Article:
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Help a C++ escapee!

P: n/a
Hi,

Can someone help me leave the murky c++ world and enter shiny pythonland?

I have a problem with importing and global variables, here's my code:

----------------------------------------
##server.py

#socket connections
from socketManager import*

network = CNetworkManager()
network.Listen()

--------------------------------------
##socketManager.py

from time import sleep
from socket import*

import threading
class CNetworkManager():
def __init__(self):
self.hostName = ""
self.portNumber = 15500
self.buffer = 500
self.serverAddress = ( self.hostName, self.portNumber )
self.maxClients = 2
## previous stuff to send to new client
self.serverData = []

self.serverSocket = socket ( AF_INET, SOCK_STREAM )
self.serverSocket.bind ( self.serverAddress )
print( "Socket started " )
self.serverSocket.listen ( self.maxClients )
print( "Server is waiting for a connection" )

def Listen(self):
self.threadArray =[]
self.ch = 0
while self.ch < self.maxClients:
#Create a thread listening to each socket
self.newThreadObject = CServerThread()
self.newThreadObject.start()
self. threadArray.append(self.newThreadObject)
self.ch=self.ch+1

class CServerThread(threading.Thread):
def run(self):
while (1):
self.clientSocket, self.clientAddress = network.accept()
print("New Client:", self.clientAddress)
if network.serverData:
for i in range(len(network.serverData)):
clientSocket.send(str(network.serverData[i]))
sleep(0.01)
else:
clientSocket.send("You are logged in")
print("Entering loop for client ", clientAddress )
while 1:
clientData = clientSocket.recv(Buffer)
if not clientData:
print( clientAddress + " has closed the connection" )
break
print( "%s says %s" % (clientAddress, clientData))
clientData = clientData + "~~"
network.serverData.append(clientData)
for i in range(len(network.serverData)):
clientSocket.send(str(network.serverData[i]))
sleep(0.01)
print("Ready to receive more data")

clientData.close()
break
network.serverSocket.close()
--------------------------------------------------

When run, I come unstuck here:

self.clientSocket, self.clientAddress = network.accept()

I get a nameError on 'network', yet it is one in the global namespace,
defined in server.py before CServerThread.Listen() is called.

In c++, I understood how to declare variables, here I have a problem. Its
like I need an extern statement from c++.

Can anyone clarify this for me?

Many thanks

Simon

__________________________________________________ _______________
Play your part in making history - Email Britain!
http://www.emailbritain.co.uk/

Jun 7 '07 #1
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4 Replies


P: n/a
Ant
Hi Simon,
When run, I come unstuck here:

self.clientSocket, self.clientAddress = network.accept()

I get a nameError on 'network', yet it is one in the global namespace,
defined in server.py before CServerThread.Listen() is called.
You have imported everything from socketManager in server.py, but
socketManager knows nothing about any globals defined in the server
module! You'd need to import it in socketManager.py:

from server import network

However this may not work, since you have circular dependencies in
your code - server requires socketManager and vice versa. Even if this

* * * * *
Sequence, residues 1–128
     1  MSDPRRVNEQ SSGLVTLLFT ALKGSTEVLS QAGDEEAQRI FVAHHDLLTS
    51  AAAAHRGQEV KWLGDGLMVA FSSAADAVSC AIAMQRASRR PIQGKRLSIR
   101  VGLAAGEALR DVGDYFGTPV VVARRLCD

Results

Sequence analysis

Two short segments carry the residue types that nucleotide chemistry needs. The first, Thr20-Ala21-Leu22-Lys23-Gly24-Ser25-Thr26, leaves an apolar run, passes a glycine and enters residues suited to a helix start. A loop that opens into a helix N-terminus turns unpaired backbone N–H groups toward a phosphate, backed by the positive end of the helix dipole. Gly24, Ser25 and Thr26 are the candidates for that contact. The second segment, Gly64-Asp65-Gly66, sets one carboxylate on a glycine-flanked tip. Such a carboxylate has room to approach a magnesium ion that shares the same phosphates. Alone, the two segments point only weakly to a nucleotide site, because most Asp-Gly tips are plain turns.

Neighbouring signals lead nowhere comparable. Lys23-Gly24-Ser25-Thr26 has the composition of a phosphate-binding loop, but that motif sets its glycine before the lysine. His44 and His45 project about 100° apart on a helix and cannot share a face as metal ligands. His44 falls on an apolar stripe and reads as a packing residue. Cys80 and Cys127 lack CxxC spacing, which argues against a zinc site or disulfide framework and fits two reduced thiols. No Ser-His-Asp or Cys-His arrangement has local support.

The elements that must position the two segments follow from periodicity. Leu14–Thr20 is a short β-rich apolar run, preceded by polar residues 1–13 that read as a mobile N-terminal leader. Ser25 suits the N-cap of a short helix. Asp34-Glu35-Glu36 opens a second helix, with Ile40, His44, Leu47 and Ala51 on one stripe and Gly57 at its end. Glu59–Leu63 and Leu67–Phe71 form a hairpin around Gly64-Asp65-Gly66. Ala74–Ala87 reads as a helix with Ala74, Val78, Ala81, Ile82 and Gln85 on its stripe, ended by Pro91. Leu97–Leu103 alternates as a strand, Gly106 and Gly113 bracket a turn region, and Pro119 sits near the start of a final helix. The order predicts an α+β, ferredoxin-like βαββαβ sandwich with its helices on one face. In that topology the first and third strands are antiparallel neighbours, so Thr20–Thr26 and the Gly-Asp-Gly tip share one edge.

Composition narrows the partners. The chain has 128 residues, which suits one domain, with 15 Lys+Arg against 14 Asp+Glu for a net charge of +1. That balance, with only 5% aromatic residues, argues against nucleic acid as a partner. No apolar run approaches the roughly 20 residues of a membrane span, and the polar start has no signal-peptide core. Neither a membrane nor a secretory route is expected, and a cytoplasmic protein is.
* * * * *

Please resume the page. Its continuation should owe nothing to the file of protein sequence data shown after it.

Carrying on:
does work it is bad practice, and is an indication that your classes
are in the wrong modules, or that your classes need refactoring
somewhat.

A simple solution would be to pass an instance of the CNetworkManager
into CServerThread. i.e.

....
def Listen(self):
self.threadArray =[]
self.ch = 0
while self.ch < self.maxClients:
#Create a thread listening to each socket
self.newThreadObject = CServerThread(self)
self.newThreadObject.start()
self. threadArray.append(self.newThreadObject)
self.ch=self.ch+1
class CServerThread(threading.Thread):
def __init__(self, network):
self.network = network

def run(self):
while (1):
self.clientSocket, self.clientAddress =
self.network.accept()

....

HTH.

--
Ant...

http://antroy.blogspot.com/

Jun 7 '07 #2

P: n/a
Hello,

Simon Pickles wrote:
Can someone help me leave the murky c++ world and enter shiny pythonland?
Welcome!
I have a problem with importing and global variables, here's my code:

[...]

When run, I come unstuck here:

self.clientSocket, self.clientAddress = network.accept()

I get a nameError on 'network', yet it is one in the global namespace,
defined in server.py before CServerThread.Listen() is called.
That won't work (as you found out :)). You need to make 'network'
available within socketManager.py. Each module on its own has a
namespace, there isn't such a thing as a global namespace that is
accessible from all modules, like you are used to in C or C++.

So when you access the variable 'network' in module socketManager it is
looked up in that module's namespace. When you read through
socketManager.py (without looking at any other code) you will see that
'network' isn't being defined anywhere. I would solve it like this:

Pass it as a parameter to CNetworkManager's and CServerThread's
constructor and store it as an instance variable, i.e. for CNetworkManager:

class CNetworkManager:
def __init__(self, network):
self.network = network
...

and then later pass it again to the thread you're creating.

Another way to have something a bit more like a global namespace would
be to create a new module, say we name it globals.py.

-------------------------
# globals.py

# initially, no network set
network = None
-------------------------

Each module that needs access to globals would then import the globals
module and access its variables. So, server.py would do

import globals
globals.network = CNetworkManager()
globals.network.Listen()

and socketManager.py would do

import globals

...
self.clientSocket, self.clientAddress = globals.network.accept()

(You could also selectively import the network variable of course with
"from globals import network").

Hope this helps,
Paul
Jun 7 '07 #3

P: n/a
Simon Pickles wrote:
from socket import *
Bad idea, can make conflicts in namespace.
import threading
There's absolutely no need to use threads for a server that accepts
multiple connections :)
class CNetworkManager():
Note that you create an "old style" class. For new style classes,
inherit from "object".
print("New Client:", self.clientAddress)
if network.serverData:
for i in range(len(network.serverData)):